By Takashi Ishii, Managing Director, Property & Casualty Japan, Tokyo, Gen Re
The risk of business interruption is a major concern for corporate managers worldwide. In a 2015 survey about corporate risk management,1 which studied more than 1,400 companies worldwide, “business interruption” is ranked seventh, after “decline in brand strength” and “recession/delayed recovery.” “Distribution or supply chain failure” is ranked 14th which illustrates the high level of global corporate managers’ concern about the risk of business interruption. The heightened importance of the risk is closely related to changes in the managerial environment of corporations.
Obviously, a variety of circumstances can cause business interruption. In addition to physical damage to factories or production facilities – from fire and explosion accidents to meteorological disasters – one can also imagine the scenario of a pandemic where the minimum number of employees needed to run a business can’t be assured to travel into work, where the stoppage of an operation is unavoidable due to the paralysis of such social infrastructure as electricity, water and gas supply, railroads and roads, and where the supply chain is broken due to an accident at a business partner's company or to a geopolitical problem.
Although it is important to reduce the risks by tackling disaster prevention and mitigation through dispersion of plant locations and customers, risk is multipronged and complicated, and a full response against all risks cannot be undertaken by only those measures. In addition, as can be seen in the example of how computers have developed, production facilities have been highly refined and a trend for high-value products is advancing. Clean rooms, such as those employed in semiconductor integrated circuits, liquid crystal panels, and the biotech, healthcare and food processing fields, are an example of the increased sophistication and higher value of technology. However, maintaining a clean state could become arduous, not only due to fires or power outages but from minute foreign matters entering the room. In this case, a lengthy period of mitigation might be required and major expenses might be incurred in recalls and purification of the products, as well as an investigation into the causes and countermeasures. The likelihood has increased that where once an accident would not have involved major losses, it now includes not only major losses but business suspension.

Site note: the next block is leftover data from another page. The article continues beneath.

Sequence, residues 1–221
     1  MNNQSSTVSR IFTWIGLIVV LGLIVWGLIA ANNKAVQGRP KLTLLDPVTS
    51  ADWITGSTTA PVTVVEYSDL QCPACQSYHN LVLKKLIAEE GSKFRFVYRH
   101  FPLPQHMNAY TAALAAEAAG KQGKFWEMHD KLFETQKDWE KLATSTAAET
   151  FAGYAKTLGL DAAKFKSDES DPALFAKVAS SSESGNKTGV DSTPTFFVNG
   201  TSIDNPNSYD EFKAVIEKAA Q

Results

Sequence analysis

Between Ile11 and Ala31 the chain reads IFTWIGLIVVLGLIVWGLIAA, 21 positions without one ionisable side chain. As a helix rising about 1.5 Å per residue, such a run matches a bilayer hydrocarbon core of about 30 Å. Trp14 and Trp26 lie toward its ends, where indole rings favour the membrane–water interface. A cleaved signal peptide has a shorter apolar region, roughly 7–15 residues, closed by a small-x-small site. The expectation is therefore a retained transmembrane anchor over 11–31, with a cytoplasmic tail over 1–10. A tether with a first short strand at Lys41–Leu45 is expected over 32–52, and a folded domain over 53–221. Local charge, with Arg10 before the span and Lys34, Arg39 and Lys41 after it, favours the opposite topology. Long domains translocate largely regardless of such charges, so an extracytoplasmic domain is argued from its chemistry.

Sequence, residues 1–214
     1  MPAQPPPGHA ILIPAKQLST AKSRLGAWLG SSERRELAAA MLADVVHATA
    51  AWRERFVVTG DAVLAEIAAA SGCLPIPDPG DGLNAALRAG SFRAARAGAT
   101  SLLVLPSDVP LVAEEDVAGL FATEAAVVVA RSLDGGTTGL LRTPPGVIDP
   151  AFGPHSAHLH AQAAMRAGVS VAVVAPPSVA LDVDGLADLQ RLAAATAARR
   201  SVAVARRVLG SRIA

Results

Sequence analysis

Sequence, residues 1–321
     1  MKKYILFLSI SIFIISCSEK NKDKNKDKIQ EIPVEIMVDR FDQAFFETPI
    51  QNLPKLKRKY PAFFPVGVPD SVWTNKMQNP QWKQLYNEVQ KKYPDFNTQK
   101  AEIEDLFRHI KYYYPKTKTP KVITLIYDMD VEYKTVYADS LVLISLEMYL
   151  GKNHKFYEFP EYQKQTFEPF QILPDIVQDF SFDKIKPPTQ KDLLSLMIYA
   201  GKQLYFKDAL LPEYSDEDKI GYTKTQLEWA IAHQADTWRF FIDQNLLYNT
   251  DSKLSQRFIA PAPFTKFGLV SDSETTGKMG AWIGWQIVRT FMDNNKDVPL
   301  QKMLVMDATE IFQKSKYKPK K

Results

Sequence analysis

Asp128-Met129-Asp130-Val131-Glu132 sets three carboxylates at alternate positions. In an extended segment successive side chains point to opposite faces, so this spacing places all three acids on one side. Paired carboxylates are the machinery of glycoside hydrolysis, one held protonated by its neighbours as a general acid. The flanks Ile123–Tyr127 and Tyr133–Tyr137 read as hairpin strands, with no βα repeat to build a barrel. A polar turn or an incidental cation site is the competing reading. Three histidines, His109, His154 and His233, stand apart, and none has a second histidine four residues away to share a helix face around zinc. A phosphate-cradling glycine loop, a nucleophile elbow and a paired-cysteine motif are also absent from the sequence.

Additionally, owing to the advancement of the economy’s globalisation, the points of acquisition for and the routes of corporations’ energy, raw materials and resources, parts, semi-finished products and so forth have become more complicated, which further increases risk if the supply chain should break. In addition to the increasing difficulty of identifying the causes of business interruption, companies and their management are often changing, making appropriate risk management extremely difficult. An event that causes a domino effect, in which a variety of phenomena occur in a chain-like fashion, could develop into a situation that endangers business continuation.